Maenad - You ask a very good question.  sOcks touched on some pertinent explanations for why the Boomer generation never had to grow up.  I'll attempt to expand upon them but caution you that I am not a social scientist and can only speak from personal observation and life experiences. For brevity, my answer will also contain some degree of exaggeration (but hopefully it will still retain a grain of truth)

Firstly - 'our' Parents were born immediately prior to, in the midst of, or immediatly after the Great Depression (henceforth likely to be referred to as GD I ).  Some of our parents were involved in WWII or the Korean War (note that the 'boomers' span 18 years, from 1946 to 1964 so the experiences are not 'identical')  Their parents, in turn, were adults during GD I and may even have felt the impact of WWI. The life experiences of our parents and grand parents, the impact of the War(s) and Depression upon their lives, engendered a strong desire to establish a better life for their children than the one that they had lived.  We, of course, not having the 'benefit' of first hand experience in self-sacrifice, in shortages of basic goods and food stuffs, took the good life as a 'given'. It was what it was, every year there would be more presents under the Christmas tree, every year the Turkey would be bigger at Thanksgiving, every year life would be "better".  Thats how it had been since we were born - thats how it would 'always' be.

Secondly, we had 'the TV':  A magical box through which we were cajoled into buying the latest whiz-bang gadgets.  Little did we understand that the shows we enjoyed were merely wrappers for the commercials which were the true raison d'etre of the TV.  Television provided a convenient vehicle for developing the 'need' to purchase items which we never would have known existed.   A manufacturer didn't need to print and mail millions of catalogs when the purchase of a TV advertisment would reach far more viewers (and in those days would actually be 'watched')  Companies employed teams of psychologists to develop the most effective advertisements, they stroked our egos, they flattered us, they cajoled us, ... without the grounding provided by a period of sacrifice in our lives  we were 'doomed'!

We also grew up in a time when there were far fewer people in America and we had barely tapped the resources in this great country, and thus, all things were possible.  We could produce all the oil we needed from our own shores, this powered a great expansion in the use of automobile, the manufacuture of which provided countless jobs - not for simply assembling the vehicles themselves, but to mine the ore for steel and to run the steel mills.   The oil fed the chemical industries which created the nylons, and plastics for the tires and dashboards, as well as provided the fertilizers, week killers and bug killers that provided a huge increase in food production.  Everything was 'golden', but, of course - it was a mirage.  We were simply lucky, lucky that we happened to be born at that time, but the cost was a delayed onset of maturity (some of my peers will bristle at that - but so be it).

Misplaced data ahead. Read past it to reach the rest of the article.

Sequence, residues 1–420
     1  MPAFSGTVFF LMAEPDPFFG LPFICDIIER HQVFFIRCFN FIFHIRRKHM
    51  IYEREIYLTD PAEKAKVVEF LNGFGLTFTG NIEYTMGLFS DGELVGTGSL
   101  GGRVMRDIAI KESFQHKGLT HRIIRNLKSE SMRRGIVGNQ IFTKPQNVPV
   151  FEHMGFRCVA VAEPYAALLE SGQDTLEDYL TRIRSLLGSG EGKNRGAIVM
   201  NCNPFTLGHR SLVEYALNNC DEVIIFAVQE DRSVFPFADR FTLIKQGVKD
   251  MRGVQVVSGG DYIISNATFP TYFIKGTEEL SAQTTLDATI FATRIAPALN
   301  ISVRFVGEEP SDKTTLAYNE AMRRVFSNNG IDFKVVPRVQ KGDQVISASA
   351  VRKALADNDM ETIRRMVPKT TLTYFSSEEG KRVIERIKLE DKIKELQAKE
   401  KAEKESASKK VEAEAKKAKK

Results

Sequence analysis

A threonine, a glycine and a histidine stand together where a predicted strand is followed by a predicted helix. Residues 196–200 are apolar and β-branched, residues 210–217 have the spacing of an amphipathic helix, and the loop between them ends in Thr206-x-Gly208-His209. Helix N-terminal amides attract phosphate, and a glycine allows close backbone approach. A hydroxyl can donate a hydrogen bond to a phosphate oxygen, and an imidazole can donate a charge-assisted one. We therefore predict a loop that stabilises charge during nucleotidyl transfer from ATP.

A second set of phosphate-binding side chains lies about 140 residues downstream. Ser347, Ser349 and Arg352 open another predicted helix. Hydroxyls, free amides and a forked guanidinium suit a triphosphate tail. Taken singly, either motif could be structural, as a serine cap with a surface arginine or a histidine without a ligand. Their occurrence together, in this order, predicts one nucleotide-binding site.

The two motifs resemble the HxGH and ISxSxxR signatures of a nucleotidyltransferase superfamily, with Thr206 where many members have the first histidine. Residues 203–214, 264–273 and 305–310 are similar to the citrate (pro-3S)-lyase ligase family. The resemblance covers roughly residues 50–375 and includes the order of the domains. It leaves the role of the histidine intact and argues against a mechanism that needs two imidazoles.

Lest I leave you with a sense that I'm totally pessimistic about the future - I'll simply say that I'm 'somewhat' but not totally pessimistic.  I regret the time that has been lost but this is still a great country and we are in far better shape than most.  We should have consumed less, we should have been more 'respectful' in our treatment of the natural resources with the eye towards protecting them for following generations. We 'could' have consumed half of what we did and lived just as comfortable a life - but we are where we are.  This economic downturn provides an opportunity to change directions and I hope we do.

Daniel

James Wandler's picture
James Wandler
Status: Martenson Brigade Member (Offline)
Joined: Aug 11 2008
Posts: 219
Re: So What Can We Do? Some Suggestions by Aaron Russo

Thanks presentmoment,

This makes a nice companion DVD to Chris' material.  I wouldn't want this to overshadow Chris' work however - especially since this video already has seen some grassroots distribution (the link on Google mentions 3 million viewers).  Perhaps it would be something to have ready to give away if someone has already seen Chris' material and already has his DVD?

Speaking of giving away Chris' DVD: perhaps a receptive source of viewers would be those at the local farmer's market?  I really like the angle of reaching out to people already concerned about the environment.

However since I only know of the 30 copies that Mike distributed in Australia (with Chris' permission - this is obviously not the upcoming Nov 2008 release) I think it is safe to say that anywhere is a good start for distribution!

All the best,

James

Davos's picture
Davos
Status: Diamond Member (Offline)
Joined: Sep 17 2008
Posts: 3620
Re: The other shoe to drop - consumer credit cards
http://www.motherjones.com/news/feature/2008/07/foreclosure-phil.html
nodebthere's picture
nodebthere
Status: Member (Offline)
Joined: Aug 17 2008
Posts: 22
Re: The other shoe to drop - consumer credit cards

  You want to see how our economy is doing, take away everyone's credit , cards too.

    Lots of people get upset hearing this eg what about my kids in university, so what about your kids in uni.

    Guess you can't afford it , tell them to go get a real job 'cause we are really going to need them when the economy can't afford the the more complex jobs we believe is the future. Give your heads a shake folks . Sounds like you have been well insulated from reality, living the big lie, aka the American dream.

                                                                                                 nodebthere

                                                                                               

Comment viewing options

Select your preferred way to display the comments and click "Save settings" to activate your changes.
Login or Register to post comments